Interview: The Bums of Myrtle Avenue

02/29/2012 11:31 AM |
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Kali runs the Twitter feed @BumsofMyrtleAve, a chronicle of her “interactions with the bums on the corner,” a recurring cast of characters like supporting players on a sitcom. In her late 20s, working in fashion, and from a small town in the Midwest, Kali has lived in Fort Greene for the last three years (“lovin’ it”) after a stint in Boston. We caught up with her by email to ask about how she started tweeting and how well she really knows these people on her street.

Is your Twitter for real?
Haha. This one cracked me up. Of course it’s real.

When did you start interacting with the “bums”?
They actually started interacting with me! I was waiting at the bus stop where The Mayor of Fort Greene hangs out and he turned his boombox up and serenaded me with “Love Lockdown.” I don’t know why he seemed to pick me out of the crowd, but I’m glad.

When did you start Tweeting about it?
I started last year, but I’ve been really active since January.

Why?
Finding humor in the mundane passings of life is what keeps me going. I would come home and tell my boyfriend about what happened that day with the bums. Finally, it got to the point where my family and friends were like, “what’s going on with Grandma Nut? Is her sister still preggo?” Then I knew I had to start tweeting.

A lot of people are afraid of people on the street. Why aren’t you?
Hmmm. I’m not sure. I was raised in a small town where everybody knew each other. I like that sense of community. Certain neighborhoods and blocks of New York have that. Everyone gives the community depth and flavor. The bums make me laugh, they make me sad, sometimes they make me feel safe and sometimes I feel threatened—just like anyone else I see on a regular basis.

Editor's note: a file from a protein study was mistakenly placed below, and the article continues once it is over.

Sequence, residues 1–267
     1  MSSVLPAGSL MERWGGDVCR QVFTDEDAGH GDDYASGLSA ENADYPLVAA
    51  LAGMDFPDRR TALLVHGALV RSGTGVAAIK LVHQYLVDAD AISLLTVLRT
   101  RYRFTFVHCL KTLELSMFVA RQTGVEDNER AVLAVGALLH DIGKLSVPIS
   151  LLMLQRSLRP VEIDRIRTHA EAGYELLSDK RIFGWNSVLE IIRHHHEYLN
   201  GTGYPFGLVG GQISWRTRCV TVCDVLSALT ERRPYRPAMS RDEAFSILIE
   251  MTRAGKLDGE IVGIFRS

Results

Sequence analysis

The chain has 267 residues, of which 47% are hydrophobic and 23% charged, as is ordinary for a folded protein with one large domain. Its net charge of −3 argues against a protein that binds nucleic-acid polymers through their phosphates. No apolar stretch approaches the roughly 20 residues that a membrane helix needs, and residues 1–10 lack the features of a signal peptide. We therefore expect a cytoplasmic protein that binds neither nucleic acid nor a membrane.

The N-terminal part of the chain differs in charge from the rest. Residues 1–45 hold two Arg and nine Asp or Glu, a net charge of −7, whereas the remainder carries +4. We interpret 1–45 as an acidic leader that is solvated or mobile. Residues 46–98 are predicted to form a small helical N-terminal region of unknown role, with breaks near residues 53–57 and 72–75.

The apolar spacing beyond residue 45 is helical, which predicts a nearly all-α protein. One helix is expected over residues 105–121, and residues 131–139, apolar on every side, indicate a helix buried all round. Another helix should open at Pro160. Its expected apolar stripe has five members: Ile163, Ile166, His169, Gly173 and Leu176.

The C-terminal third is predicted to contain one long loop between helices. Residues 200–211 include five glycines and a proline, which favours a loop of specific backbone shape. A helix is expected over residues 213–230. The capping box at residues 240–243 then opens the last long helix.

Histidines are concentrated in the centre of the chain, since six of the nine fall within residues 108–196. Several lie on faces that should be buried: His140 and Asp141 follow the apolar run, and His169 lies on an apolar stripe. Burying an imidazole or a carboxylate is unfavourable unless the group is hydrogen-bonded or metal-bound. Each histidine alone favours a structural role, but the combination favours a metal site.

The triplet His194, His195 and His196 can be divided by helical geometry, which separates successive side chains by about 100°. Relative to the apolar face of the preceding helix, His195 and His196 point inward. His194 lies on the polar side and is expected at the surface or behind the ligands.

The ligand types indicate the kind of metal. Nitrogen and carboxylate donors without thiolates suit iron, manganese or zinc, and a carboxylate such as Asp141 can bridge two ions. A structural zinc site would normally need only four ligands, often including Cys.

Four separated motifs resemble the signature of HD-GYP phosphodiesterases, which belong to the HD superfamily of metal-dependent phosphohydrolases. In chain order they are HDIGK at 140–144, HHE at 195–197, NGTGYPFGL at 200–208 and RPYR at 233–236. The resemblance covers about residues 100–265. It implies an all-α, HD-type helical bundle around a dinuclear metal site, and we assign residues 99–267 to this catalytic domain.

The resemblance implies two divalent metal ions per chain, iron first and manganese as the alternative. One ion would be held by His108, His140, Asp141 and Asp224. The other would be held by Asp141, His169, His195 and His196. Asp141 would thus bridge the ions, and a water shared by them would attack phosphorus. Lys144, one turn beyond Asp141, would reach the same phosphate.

What’s the response been like?
The reaction’s been extremely positive! I’ve had people reach out to me who lived in New York in the 80s, people who have never been to New York but love getting a real-life peek, and even folks who currently live on the same block. The bike-shop guys around the corner have hilarious input because they’re so close to The Mayor’s numero uno hang out. It’s great hearing from everyone. It’s made me feel even more connected to my neighbors than before.

Has anybody been critical?
Not really. The worst thing was a critique about the bum that I call the CrackHead, and I can understand where that person was coming from. They don’t want to be faced with hard things in life. Who does? But the truth of the matter is, the CrackHead is really a crack head. I’ve seen his pipe. My Twitter isn’t about telling jokes, or making fun of bums. It’s about giving people a look into a community from a perspective that they might not have had before.

There’s a pretty small recurring cast of bums in your Tweets. How well do you know them?
We live in the same place and I see them almost everyday, which is more than my family and friends sometimes. Some of them I know more about and they know more about me than others, but I wouldn’t go as far to say we’re friends. We’re neighbors.

Follow Henry Stewart on Twitter @henrycstewart

4 Comment

  • This is obnoxious. Grow a fucking perspective.

  • this girl tried to follow me on twitter and i was shocked. Oh, poverty and mental illness! OMG ROFL!

  • Just a little lol@bumsafari for the fashionista. I’m sure it’s fine, because people from the midwest are so “nice” as they are quick to tell you.

  • At her age, my friends & I had the same kind of ongoing narrative about wacky people around us in the ‘hood. The difference is that there was no opportunity for us to broadcast it live to everybody in the world through Twitter. Just because she appreciates these guys, doesn’t mean everybody else will.